#5. If you are ‘the person’, find yourself a ‘person’. If you are the trusted person in the position of being the ‘strong one’ to hold up someone through this type of difficult time, find a person that you can count on to be there for you too. You will need it. Being brave, supportive and tough all the time for others can become pretty unhealthy if you don’t allow yourself to grieve too. My husband, kids, Mom, Dad and dear friends helped me immensely. My struggle in my eyes was nothing to compare to being a Mom and losing a child. (Since I was the sister to the mother who had lost a child.) So I passed my sadness off quite a bit, which ended up being the WRONG thing to do.

#6. Find some therapy. Any healthy kind of therapy.
If you need to talk to someone, do it. If you need to crochet blankets, find a soft chair and crochet-away. Bake a million pies or write a million words. If you notice, I started this blog about 6 months after this event in my life. Writing and sharing recipes = my therapy. You read my therapy every time you open my blog. So, thank you for doing that. Thank you.



Vanilla Swiss Meringue Buttercream

Pillow-like soft vanilla frosting typically seen on wedding cakes. Less sweet than traditional American buttercream, this frosting is my favorite and tastes a bit like marshmallows and vanilla ice cream!
Prep Time5 minutes
Cook Time5 minutes
Total Time25 minutes
Servings: 1 half sheet cake worth of frosting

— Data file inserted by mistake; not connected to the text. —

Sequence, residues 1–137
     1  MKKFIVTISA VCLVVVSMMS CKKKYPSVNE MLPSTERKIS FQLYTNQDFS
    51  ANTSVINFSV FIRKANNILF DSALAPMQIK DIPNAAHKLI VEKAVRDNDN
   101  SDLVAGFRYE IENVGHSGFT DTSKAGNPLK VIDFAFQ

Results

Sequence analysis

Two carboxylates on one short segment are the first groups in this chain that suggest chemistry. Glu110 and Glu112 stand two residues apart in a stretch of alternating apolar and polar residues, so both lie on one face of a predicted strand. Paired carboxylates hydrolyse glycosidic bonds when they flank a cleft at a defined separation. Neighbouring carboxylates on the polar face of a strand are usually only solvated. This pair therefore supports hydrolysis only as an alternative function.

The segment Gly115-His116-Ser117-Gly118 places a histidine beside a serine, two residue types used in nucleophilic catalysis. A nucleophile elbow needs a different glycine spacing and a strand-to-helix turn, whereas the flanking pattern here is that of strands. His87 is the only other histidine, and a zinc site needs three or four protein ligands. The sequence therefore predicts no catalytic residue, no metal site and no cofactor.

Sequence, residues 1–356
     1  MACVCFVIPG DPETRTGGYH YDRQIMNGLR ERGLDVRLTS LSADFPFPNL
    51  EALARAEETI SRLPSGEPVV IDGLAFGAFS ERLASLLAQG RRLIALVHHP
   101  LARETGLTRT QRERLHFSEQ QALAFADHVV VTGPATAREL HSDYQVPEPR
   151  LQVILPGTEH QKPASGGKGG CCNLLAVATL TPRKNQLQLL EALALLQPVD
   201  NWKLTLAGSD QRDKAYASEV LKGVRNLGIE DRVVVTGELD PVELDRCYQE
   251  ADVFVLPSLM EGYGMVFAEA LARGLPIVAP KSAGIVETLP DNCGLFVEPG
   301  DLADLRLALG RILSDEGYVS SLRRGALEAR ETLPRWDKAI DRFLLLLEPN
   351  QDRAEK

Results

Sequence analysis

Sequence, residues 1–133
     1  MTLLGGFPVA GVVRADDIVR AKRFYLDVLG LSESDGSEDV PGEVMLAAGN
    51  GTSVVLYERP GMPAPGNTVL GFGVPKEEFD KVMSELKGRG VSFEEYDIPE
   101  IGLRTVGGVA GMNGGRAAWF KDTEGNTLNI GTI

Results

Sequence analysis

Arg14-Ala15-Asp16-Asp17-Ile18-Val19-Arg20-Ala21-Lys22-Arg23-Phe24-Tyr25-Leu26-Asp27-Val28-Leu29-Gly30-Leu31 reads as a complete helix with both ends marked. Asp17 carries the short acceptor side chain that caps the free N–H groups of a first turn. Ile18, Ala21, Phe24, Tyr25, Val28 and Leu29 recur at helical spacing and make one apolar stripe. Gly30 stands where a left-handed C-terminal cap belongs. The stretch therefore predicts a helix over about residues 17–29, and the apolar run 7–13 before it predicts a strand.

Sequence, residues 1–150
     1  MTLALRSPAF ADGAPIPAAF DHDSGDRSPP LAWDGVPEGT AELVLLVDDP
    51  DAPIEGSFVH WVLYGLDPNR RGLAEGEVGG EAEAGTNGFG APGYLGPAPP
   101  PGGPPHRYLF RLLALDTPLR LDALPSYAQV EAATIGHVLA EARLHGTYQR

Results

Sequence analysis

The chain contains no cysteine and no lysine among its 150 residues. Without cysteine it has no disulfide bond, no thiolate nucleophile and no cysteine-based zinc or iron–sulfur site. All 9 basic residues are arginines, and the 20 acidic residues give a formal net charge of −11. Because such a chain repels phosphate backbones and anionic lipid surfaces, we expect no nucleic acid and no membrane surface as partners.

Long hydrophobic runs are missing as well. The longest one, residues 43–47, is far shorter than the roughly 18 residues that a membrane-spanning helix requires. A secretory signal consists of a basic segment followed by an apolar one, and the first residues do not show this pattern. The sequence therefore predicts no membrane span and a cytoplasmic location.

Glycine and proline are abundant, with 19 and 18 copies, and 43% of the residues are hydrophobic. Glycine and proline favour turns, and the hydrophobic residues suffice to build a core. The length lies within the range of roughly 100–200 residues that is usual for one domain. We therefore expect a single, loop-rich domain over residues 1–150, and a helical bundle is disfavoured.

Author: Cristen


  • 4 large egg whites at room temperature
  • 1 1/4 cup Granulated Sugar
  • 2 1/2 sticks Butter at room temperature
  • 1 1/4 tsp Vanilla Extract


  • In a stainless steel or glass bowl over a pot of simmering water, add egg whites and sugar. Whisk until mixture reaches 160 degrees.
  • Whip warm egg white and sugar mixture until completely cooled, about 10 minutes. The mixture will be stiff like marshmallow cream.
  • Add butter, one tablespoon at a time while mixer is on high. Mix until each addition is incorporated before adding the next. Add vanilla. If frosting is somewhat loose at this point (likely wasn't all the way cool when you added the butter) chill in the refrigerator for 15 or 20 minutes to firm up before spreading.
  • Spread over cooled cake. Decorate as desired. Keep this cake in a cool place (room temperature is fine), as the frosting is a bit delicate. *Don't make this for a 4th of July cake that will sit in the sun.


Bake the cake in a half sheet pan at 400 degrees for 15-17 minutes.
Hershey's Black Magic Cake recipe may be found on the Hershey's cocoa box or at the link above.
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  • Reply Alicia Schmitt May 2, 2015 at 8:02 pm

    Oh Cristen, my heart goes out to you and your family. What a wonderful cake and great reminders after great losses.

  • Reply Bridget Proctor May 2, 2015 at 8:33 pm


  • Reply Aunt Colleen May 2, 2015 at 9:07 pm


  • Reply Jessica May 2, 2015 at 9:18 pm

    What a touching post about every topic covered. It’s hard to know what the right thing to do or say is during grief. Use your work instead of your words – that’s a revolutionary description of what is helpful during grief. Sending good vibes to you and yours. It sounds like you have a very sweet, strong and emotionally intelligent daughter on your hands. Not surprising!

    • Reply Cristen May 2, 2015 at 10:56 pm